Majors v. StateAnnotate this Case
441 N.E.2d 1375 (1982)
Harold G. MAJORS, Appellant, v. STATE of Indiana, Appellee.
Supreme Court of Indiana.
December 6, 1982.
*1376 Susan K. Carpenter, Public Defender, Melanie C. Conour, Deputy Public Defender, Indianapolis, for appellant.
Linley E. Pearson, Atty. Gen., Amy Schaeffer Good, Deputy Atty. Gen., Indianapolis, for appellee.
GIVAN, Chief Judge.
Appellant was charged by way of information with Robbery. He was tried before a jury and found guilty. He was sentenced to a fifteen (15) year term of imprisonment.
Appellant's conviction was affirmed by this Court in Majors v. State, (1980) Ind., 410 N.E.2d 1196.
Appellant filed a Verified Petition for Post-Conviction Relief under Ind.P.C.R. 1 on July 10, 1981. A hearing was held on appellant's petition in the trial court on November 3, 1981. On November 23, 1981, the trial court entered Findings of Fact and Conclusions of Law in support of denial of relief. Appellant appeals the denial of relief to this Court.
Appellant claims the trial court erred in determining his representation at trial was effective and adequate.
Before turning to the merits of this argument, it is necessary to consider the State's response. The State contends appellant has waived the issue of effective representation by counsel at trial by failing to raise the issue in his direct appeal. The State cites Hollonquest v. State, (1982) Ind., 432 N.E.2d 37, 39, in which we pointed out a post-conviction remedy is not a substitute for a direct appeal and stated: "The failure to raise the issue of the inadequacy of his trial counsel in petitioner's direct appeal ordinarily constitutes a waiver of this issue." See also, Gurley v. State, (1980) Ind., 398 N.E.2d 1282; Riner v. State, (1979) Ind., 394 N.E.2d 140; Ind.P.C.R. 1, § 1(b).
Pauper counsel Tom Campbell was appointed November 22, 1978, to represent appellant. Attorney Campbell represented appellant at his trial. He also drafted and filed the Motion to Correct Error, filed May 24, 1979. On that same date, attorney Gary Landau was appointed as appellant's pauper counsel on appeal. Following the affirmance of appellant's conviction and the filing of appellant's post-conviction relief petition, the Public Defender of Indiana was appointed to represent appellant pursuant to Ind.P.C.R. 1, § 9.
The State argues under Hollonquest, supra, and Ind.P.C.R. 2 appellant could have raised the issue of ineffectiveness of trial counsel by way of a belated motion to correct error filed by attorney Landau. Although such an avenue was available to Landau, it hardly seems equitable to now charge appellant with any failure to so move by Landau and thus forever foreclose appellant from raising the question of the competency of his trial counsel.
As Justice Hunter pointed out in Hollonquest, supra one may in turn question the competence of appellate counsel for failure to raise the competence of trial counsel. We therefore will examine the entire question of the representation of appellant in former proceedings.
Appellant contends his trial counsel demonstrated ineffectiveness by failing to object to Preliminary Instruction No. 2. That instruction contained information as to the presumptive sentence provided for by the legislature upon conviction for a Class B felony, with which appellant was charged. The same information, plus information as to the presumptive sentence called for upon conviction of a Class C felony, was on the verdict form provided the jury. Appellant correctly points out we have held it is improper to instruct the jury as to the penalties applicable to an offense. See, e.g., Smith v. State, (1982) Ind., 432 N.E.2d 1363; Morgan v. State, (1981) Ind., 419 N.E.2d 964. He contends since he was entitled to have such information deleted from the instruction and the verdict from his attorney demonstrated ineffectiveness by failing to so move.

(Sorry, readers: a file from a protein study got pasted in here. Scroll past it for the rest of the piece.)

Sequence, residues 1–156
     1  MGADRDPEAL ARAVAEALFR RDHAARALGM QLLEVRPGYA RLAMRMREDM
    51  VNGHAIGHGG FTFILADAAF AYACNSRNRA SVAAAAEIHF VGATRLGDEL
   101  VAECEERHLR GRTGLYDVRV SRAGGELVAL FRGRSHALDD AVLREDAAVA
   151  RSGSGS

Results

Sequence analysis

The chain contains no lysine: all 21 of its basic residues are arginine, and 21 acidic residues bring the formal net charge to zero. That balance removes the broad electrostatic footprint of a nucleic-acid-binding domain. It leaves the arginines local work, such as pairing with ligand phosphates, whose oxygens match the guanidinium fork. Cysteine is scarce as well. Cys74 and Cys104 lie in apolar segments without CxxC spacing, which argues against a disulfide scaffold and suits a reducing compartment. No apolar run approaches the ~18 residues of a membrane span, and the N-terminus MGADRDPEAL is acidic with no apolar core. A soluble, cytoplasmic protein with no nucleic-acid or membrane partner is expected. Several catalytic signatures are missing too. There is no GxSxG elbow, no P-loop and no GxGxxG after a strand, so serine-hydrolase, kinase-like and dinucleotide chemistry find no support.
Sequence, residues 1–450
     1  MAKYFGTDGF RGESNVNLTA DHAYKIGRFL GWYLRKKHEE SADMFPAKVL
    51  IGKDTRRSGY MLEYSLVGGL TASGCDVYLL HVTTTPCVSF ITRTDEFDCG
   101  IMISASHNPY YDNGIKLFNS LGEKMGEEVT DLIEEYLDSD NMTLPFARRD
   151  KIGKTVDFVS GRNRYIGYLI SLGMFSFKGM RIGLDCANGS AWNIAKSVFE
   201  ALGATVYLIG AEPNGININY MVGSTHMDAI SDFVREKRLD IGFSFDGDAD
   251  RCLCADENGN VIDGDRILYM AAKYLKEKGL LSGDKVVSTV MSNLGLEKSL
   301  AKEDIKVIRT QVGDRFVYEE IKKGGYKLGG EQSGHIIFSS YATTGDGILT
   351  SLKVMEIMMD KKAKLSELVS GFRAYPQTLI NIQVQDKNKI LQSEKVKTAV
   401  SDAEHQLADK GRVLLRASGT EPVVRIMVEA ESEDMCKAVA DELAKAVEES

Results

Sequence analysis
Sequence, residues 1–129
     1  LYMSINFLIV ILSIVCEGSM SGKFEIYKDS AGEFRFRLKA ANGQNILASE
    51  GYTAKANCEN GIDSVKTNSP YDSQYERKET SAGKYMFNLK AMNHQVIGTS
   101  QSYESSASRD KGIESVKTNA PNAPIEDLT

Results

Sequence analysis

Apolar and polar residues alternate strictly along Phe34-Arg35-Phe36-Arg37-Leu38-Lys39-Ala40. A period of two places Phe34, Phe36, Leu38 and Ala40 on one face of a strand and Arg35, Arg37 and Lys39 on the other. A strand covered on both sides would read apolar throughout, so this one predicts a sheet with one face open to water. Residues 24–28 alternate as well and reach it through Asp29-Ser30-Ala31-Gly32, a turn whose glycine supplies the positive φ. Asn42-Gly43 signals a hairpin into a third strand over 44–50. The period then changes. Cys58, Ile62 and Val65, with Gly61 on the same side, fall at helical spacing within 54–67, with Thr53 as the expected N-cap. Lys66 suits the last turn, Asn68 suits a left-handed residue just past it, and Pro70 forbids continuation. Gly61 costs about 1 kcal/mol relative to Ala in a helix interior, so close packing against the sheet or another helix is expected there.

*1377 There is a strong presumption that counsel is competent, and strong and convincing evidence is required to rebut the presumption. Lindley v. State, (1981) Ind., 426 N.E.2d 398. Incompetence of counsel must be judged by the particular facts in each case. The standard of review used is the mockery of justice test as modified by the adequate legal representation standard. Lindley, supra. We do not speculate on what may have been the most advantageous strategy in a particular case and hence a petitioner is not entitled to relief due to ineffectiveness of counsel because of isolated poor strategy, bad tactics, or inexperience. Lindley, supra.
In post-conviction proceedings, the burden of proof rests with the petitioner to prove his right to relief by a preponderance of the evidence. Lindley, supra; Ind.P.C.R. 1, § 5.
It is not shown by the evidence that the trial attorney failed to object to these errors due to incompetence or ignorance of the law on his part. It was reasonable for the trial court to infer the reason for not objecting to the jury's being apprised of the penalties imposed upon conviction was a strategic move on the attorney's part. We have recognized the evil in providing such information to the jury is that it invites jurors to render a compromise verdict in order to increase or decrease the defendant's sentence, in light of their own concepts of the fairness of the statute as measured against the facts and circumstances surrounding the defendant's alleged criminal act. Cobb v. State, (1980) Ind., 412 N.E.2d 728. We are also aware the request for such an instruction to the jury invariably comes from the defendant, not the State. See, Smith v. State, (1979) Ind., 396 N.E.2d 898. Given these considerations it is not unreasonable for the trial judge to have concluded appellant's trial counsel did not object to the giving of such information to the jury as a strategic move.
We note the trial attorney was not called in the post-conviction hearing to explain his actions in the trial. We do not speculate on why he was not called. But without evidence in the record as to his reason for not objecting to the instruction and verdict form, appellant's task of proving by a preponderance of the evidence that his trial attorney was incompetent in failing to make the objection is not accomplished.
In sum, appellant has failed to meet his burden of proof. The trial judge did not err in concluding appellant was adequately represented by his attorney at trial.
Appellant claims the post-conviction court erred when it concluded he failed to meet his burden of proof with regard to whether fundamental error occurred when the State failed to disclose a negotiation between it and State's witness Joe Madison. He cites United States v. Agurs, (1976) 427 U.S. 97, 96 S. Ct. 2392, 49 L. Ed. 2d 342, in support of the contention the State was required to disclose such a negotiation.